Associate Vice President Freda Harris observed that differential tuitions, which are in effect on seven UW campuses, can provide a margin of excellence that would not be achieved otherwise and that students have expressed satisfaction with use of this funding. She added that, while United Council advocated a tuition freeze, the group had not expressed opposition to differential tuition.
As a member of the Working Group on Tuition and Financial Aid, Regent Crain stated her support for the proposal because it is necessary to consider a variety of ways to accomplish what needs to be done at the various UW institutions. This differential and others that have been adopted, she said, have been well thought out and carefully considered. Any increase in tuition, she noted, is a difficult public issue for students and families.
Regent Loftus commented that it is inconsistent to ask the Legislature to hold down tuition, while the Board increases it in other ways.
Stating her concern that the student government president needed to ask for a tuition increase to maintain educational quality, Regent Thomas said that the Board must listen and allow students to pay more to get the services they need. Noting that education is not limited to the classroom, she urged the Regents to hear this earnest request to sustain quality. She felt it might be more truthful to include such costs in tuition, rather than in fees.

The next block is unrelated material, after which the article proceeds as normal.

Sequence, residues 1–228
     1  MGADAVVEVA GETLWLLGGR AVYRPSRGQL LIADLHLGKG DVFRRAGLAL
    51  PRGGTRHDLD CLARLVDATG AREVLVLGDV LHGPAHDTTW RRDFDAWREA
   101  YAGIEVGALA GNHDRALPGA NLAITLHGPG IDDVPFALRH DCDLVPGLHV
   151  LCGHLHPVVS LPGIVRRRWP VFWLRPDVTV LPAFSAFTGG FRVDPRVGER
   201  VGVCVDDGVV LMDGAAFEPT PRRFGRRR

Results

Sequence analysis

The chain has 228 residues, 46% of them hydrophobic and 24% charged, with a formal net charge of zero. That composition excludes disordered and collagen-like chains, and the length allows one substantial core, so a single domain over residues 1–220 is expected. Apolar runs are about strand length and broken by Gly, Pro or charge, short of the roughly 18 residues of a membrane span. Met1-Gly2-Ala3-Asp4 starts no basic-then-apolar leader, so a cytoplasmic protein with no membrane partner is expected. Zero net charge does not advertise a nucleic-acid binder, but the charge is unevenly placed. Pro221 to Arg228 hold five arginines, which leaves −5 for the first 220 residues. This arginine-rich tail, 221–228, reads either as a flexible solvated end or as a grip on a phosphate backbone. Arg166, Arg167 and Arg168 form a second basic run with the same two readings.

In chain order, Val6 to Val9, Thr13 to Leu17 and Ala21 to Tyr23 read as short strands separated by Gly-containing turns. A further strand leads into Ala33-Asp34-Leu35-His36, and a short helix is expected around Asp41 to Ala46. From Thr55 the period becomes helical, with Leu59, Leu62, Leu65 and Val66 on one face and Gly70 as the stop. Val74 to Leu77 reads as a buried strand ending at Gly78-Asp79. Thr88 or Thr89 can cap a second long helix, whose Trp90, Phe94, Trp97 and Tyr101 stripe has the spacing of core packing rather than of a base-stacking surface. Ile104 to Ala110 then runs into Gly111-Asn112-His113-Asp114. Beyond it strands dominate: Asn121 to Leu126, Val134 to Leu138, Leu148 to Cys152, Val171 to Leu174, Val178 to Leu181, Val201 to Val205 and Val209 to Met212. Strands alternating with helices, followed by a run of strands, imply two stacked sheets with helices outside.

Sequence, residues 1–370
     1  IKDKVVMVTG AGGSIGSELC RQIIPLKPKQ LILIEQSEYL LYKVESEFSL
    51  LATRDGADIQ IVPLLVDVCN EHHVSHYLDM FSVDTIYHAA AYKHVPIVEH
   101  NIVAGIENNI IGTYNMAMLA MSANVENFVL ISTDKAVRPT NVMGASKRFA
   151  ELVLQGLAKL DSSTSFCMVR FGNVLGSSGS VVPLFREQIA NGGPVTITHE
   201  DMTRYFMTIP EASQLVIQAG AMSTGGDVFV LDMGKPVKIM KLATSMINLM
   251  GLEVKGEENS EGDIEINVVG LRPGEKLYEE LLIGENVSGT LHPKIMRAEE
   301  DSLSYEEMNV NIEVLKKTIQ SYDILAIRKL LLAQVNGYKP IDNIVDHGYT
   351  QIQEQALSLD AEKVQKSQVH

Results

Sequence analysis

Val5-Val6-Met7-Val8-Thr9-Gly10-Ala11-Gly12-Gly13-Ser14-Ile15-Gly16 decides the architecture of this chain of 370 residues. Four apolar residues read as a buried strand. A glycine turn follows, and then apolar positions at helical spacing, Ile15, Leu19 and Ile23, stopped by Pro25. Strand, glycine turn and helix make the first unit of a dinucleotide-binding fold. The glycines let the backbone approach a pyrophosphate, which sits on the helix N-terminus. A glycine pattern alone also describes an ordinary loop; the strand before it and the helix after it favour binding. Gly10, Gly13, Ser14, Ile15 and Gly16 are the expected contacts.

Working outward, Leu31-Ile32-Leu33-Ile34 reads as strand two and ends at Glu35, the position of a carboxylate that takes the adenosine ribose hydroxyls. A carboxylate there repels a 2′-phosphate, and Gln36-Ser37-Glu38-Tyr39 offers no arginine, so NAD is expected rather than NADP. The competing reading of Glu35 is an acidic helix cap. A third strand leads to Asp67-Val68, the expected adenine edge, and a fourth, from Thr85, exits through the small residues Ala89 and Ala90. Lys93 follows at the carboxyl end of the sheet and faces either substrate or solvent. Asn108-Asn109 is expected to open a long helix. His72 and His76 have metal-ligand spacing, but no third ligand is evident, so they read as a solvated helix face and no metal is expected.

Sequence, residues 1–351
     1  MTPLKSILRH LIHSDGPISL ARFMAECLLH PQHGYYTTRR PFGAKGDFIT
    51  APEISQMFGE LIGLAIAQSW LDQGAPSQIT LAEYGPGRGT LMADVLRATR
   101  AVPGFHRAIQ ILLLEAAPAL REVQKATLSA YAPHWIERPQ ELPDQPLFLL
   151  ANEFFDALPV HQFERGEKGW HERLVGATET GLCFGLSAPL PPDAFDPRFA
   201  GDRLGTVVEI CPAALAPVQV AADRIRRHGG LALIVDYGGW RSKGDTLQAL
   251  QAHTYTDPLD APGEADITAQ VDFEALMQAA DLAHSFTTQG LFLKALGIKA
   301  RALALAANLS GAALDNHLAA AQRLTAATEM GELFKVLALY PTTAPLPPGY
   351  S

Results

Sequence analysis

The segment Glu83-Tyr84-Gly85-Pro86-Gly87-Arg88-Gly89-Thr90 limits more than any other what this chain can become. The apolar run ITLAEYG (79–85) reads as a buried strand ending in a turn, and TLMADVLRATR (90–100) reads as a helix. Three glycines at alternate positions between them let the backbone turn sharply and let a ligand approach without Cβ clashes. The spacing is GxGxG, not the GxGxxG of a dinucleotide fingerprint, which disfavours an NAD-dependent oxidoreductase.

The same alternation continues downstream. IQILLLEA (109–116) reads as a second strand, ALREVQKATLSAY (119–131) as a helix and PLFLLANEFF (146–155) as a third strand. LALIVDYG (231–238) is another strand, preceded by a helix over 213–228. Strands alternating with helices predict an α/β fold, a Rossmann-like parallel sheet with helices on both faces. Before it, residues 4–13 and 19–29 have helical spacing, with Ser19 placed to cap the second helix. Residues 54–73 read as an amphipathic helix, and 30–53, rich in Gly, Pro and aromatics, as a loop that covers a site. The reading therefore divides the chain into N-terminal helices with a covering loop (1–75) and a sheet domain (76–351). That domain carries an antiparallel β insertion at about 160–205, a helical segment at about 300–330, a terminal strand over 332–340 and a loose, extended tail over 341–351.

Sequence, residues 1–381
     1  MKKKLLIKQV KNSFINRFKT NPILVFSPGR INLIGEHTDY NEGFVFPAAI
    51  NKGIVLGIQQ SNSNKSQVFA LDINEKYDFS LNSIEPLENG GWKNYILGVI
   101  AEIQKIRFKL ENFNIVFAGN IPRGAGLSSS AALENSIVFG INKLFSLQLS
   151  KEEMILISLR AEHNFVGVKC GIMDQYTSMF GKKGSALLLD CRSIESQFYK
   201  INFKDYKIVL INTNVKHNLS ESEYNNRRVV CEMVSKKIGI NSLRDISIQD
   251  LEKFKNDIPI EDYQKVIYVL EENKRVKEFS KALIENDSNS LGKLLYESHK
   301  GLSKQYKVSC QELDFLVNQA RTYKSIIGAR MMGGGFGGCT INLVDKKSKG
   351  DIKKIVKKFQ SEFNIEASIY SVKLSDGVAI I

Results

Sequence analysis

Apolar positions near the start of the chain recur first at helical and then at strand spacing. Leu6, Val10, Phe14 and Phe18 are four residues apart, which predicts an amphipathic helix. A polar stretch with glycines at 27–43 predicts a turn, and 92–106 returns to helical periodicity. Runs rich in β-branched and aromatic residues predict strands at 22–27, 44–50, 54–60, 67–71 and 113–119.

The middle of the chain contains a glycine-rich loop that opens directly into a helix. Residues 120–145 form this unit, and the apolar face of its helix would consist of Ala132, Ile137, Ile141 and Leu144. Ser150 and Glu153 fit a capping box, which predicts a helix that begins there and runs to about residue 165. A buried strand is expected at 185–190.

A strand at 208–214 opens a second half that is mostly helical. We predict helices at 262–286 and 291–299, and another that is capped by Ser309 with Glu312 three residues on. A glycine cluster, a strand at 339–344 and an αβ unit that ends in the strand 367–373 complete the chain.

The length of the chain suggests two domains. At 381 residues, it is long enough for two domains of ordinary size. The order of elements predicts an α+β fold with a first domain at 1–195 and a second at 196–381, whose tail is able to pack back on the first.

Regent Rosenzweig agreed with Regent Loftus that it would be inconsistent to raise tuition through the differential process, while at the same time asking the Legislature to hold down tuition increases. She reiterated that the Board must come to grips with this dilemma.
President Reilly said that Regent Loftus was correct in observing that no differential tuition proposal will be brought forth without student support. He noted that the preceding day the Board had adopted a resolution calling for review of differential tuitions every five years or whenever there is a significant change in how the money is used.
Differential tuition proposals, he said, are not easily developed and require much work and negotiation at the campus level. After they are enacted, students monitor how the money is used. While the Board is asked to consider such proposals on a case-by-case basis, the Legislature is asked to invest GPR funds adequately in the UW System. The Board then determines the necessary amount of tuition on an annual basis.